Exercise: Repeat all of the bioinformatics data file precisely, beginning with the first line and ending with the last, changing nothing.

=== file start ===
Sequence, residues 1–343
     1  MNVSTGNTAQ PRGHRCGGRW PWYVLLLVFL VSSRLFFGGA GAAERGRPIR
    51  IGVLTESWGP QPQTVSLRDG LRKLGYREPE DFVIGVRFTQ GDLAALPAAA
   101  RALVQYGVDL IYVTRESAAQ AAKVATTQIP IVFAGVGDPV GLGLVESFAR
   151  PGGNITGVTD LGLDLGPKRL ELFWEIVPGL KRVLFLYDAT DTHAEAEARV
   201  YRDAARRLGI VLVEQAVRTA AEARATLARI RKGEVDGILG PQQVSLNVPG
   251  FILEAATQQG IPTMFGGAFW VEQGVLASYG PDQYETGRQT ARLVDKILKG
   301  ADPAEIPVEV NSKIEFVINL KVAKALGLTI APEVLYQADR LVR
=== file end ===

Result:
Sequence, residues 1–343
     1  MNVSTGNTAQ PRGHRCGGRW PWYVLLLVFL VSSRLFFGGA GAAERGRPIR
    51  IGVLTESWGP QPQTVSLRDG LRKLGYREPE DFVIGVRFTQ GDLAALPAAA
   101  RALVQYGVDL IYVTRESAAQ AAKVATTQIP IVFAGVGDPV GLGLVESFAR
   151  PGGNITGVTD LGLDLGPKRL ELFWEIVPGL KRVLFLYDAT DTHAEAEARV
   201  YRDAARRLGI VLVEQAVRTA AEARATLARI RKGEVDGILG PQQVSLNVPG
   251  FILEAATQQG IPTMFGGAFW VEQGVLASYG PDQYETGRQT ARLVDKILKG
   301  ADPAEIPVEV NSKIEFVINL KVAKALGLTI APEVLYQADR LVR